In January 2012, the European Union (EU) began the long process of creating a framework for data protection reform. One of the proposals associated with these reforms was the legislation was titled the General Data Protection Regulation (GDPR). The reforms were agreed upon in December 2015, and GDPR came into full effect on May 25, 2018. This often left companies and other organizations scurrying to ensure they were compliant with the law which probably left a bad taste in many a CEO’s or board of director’s mouths. It has been a year and a half since the law, which boosts user privacy, was adopted and it seems to be having a positive effect on cybersecurity according to FireEye’s lasts report.
One of the key findings of FireEye Mandiant M-Trends 2020 Report is that due to GDPR the amount of time hackers spend inside the networks of compromised organizations before being uncovered has massively declined across Europe.
Analysis of data revealed that the median dwell time from the start of an intrusion to it being identified has fallen from 177 days last year to 54 days now. This amounted to a 70% decrease over the previous period. According to the researchers, this sharp decline seen across Europe was directly due to GDPR. Researchers noted that,
“EMEA [Europe, the Middle East, and Africa] has seen a marked reduction in dwell times. In M-Trends 2019, we suggested that a steep rise in median dwell time was likely linked with organizations putting more emphasis on GDPR and increasing focus on security which may have revealed historic compromises. EMEA statistics are now generally in line with the global averages, which reflect the improving security posture of organizations and highlight the ongoing challenges organizations face from sophisticated threat actors. While significant improvements have been made, attackers still go undetected in target environments for far too long, remaining stealthy and harder to spot as they pursue their goals.”
GDPR requires organizations that discover a data breach to report the breach to their relevant authority within 72 hours after the initial discovery. Failure to do this or be found to be non-compliant can result in a significant fine. British Airways was on the receiving end of such a fine, with the airline been fine a record 183 million GBP for a data breach which occurred in 2018. This has led to organizations across Europe to increase their focus on cybersecurity, leading to intrusions being uncovered much quicker than before. It is important to note that GDPR empowers authorities to fine a maximum of 4% of a company’s, who is found to be in violation of the law, turnover.
British Airways was only fined 1.5% of their turnover. With such a strong motivating force for companies in Europe and that do business with Europe to do their utmost in securing data, it is easier to see why the law has had a positive effect on dwell times. It is true that the legislation only applies to the European Union but the effects of the law have been felt globally as businesses that actively do business in Europe or transfer data to the union have to abide by the provisions set out by the law. This seems to have also contributed to the decrease in the global dwell time, which is down from 78 days to 56 days.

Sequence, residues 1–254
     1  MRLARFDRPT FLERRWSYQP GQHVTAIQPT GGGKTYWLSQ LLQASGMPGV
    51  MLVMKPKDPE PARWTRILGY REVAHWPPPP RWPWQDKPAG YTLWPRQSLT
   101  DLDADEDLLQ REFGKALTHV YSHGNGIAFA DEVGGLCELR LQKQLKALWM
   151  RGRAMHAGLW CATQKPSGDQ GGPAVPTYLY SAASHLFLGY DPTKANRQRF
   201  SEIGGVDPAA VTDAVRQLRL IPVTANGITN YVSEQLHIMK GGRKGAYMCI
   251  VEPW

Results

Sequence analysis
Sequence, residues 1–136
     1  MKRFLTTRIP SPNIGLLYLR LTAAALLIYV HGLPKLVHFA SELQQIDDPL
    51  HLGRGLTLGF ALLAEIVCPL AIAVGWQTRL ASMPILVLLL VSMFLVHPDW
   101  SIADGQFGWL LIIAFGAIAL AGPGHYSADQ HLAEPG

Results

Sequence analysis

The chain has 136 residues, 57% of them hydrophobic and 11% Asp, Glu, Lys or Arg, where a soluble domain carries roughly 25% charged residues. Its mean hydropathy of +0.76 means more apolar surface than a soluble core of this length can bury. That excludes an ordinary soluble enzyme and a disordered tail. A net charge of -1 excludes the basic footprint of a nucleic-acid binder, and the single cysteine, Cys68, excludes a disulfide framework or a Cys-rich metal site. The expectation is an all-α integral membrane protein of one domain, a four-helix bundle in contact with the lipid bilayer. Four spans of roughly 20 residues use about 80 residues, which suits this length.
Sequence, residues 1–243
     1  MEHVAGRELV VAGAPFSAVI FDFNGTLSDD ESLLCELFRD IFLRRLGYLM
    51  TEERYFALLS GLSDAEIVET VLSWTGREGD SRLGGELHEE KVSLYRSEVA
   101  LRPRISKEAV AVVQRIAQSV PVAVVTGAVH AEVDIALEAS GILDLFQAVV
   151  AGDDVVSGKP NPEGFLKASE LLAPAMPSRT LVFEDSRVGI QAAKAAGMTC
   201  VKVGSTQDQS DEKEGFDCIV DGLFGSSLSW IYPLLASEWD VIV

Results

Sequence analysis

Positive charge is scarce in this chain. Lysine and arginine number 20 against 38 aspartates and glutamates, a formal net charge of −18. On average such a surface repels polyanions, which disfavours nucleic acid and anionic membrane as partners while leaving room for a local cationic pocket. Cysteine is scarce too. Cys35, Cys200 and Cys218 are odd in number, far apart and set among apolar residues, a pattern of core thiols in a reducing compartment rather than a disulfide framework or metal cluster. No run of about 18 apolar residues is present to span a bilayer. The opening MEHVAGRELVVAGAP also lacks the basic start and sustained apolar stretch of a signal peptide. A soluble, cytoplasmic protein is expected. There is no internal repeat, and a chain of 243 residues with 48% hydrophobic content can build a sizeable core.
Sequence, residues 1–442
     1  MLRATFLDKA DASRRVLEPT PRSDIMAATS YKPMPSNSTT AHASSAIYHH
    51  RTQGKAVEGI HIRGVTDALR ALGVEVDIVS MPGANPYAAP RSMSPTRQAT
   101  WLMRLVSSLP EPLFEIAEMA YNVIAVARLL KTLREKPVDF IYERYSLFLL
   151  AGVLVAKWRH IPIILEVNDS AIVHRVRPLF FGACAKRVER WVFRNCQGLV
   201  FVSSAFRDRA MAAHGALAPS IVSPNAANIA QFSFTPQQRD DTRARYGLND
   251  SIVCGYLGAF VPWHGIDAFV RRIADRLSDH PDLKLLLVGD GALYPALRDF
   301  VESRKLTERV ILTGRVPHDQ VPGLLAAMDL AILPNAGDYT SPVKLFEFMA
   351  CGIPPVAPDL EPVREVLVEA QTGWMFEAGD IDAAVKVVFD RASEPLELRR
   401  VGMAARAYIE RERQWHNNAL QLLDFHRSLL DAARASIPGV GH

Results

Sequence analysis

Not All Good News
While the positive effect of GDPR on dwell times, which is defined by FireEye as the time an attacker is present in a victim’s network before discovery, other less positive factors also led to contributing towards the overall decline. Researchers noted that certain malware attacks naturally have shorter dwell times. Ransomware and crypto miners are examples of disruptive attacks with shorter dwell times. Attacks by state-sponsored actors often exhibit far longer dwell times than the average as their main aim is to remain on targeted networks for as long as possible to steal as much information as possible.
The FireEye report dedicates a portion of the 60-page report to the discovery and analysis of Advanced Persistent Threat (APT) group APT41. The new addition to the APT family, added in 2019, was previously tracked as the TEMP group and believe to be for carrying out Chinese state-sponsored cyber espionage campaigns. TEMP started as a financially motivated group in 2012 carrying out operations against targets in the video game industry, a stark contrast to the normal activity of state-sponsored groups. However, researchers noted,
“This stands in contrast to the state-sponsored goals that likely drive the group’s targeting of higher education, telecommunications, travel services, and news/media firms. The attacks appear to have been carried out as part of a surveillance operation. The group’s most recent activity included targeting call record information and SMS data…APT41 is unique among China-based actors in that it leverages non-public malware typically reserved for espionage, in operations that appear to fall outside the scope of state-sponsored missions. The group’s mix of financial and state-sponsored motivations is remarkable because this type of activity is unusual among Chinese state-sponsored threat groups.”
Researchers also pointed out that APT groups and financially motivated attacks exploit the failure by organizations to enforce multi-factor authentication (MFA). This is one of the most common ways threat actors gain access to the network according to the report. MFA is an important security tool as it adds an extra barrier that can prevent attackers from doing damage, and also alerts the security team that something might be wrong before the problem escalates.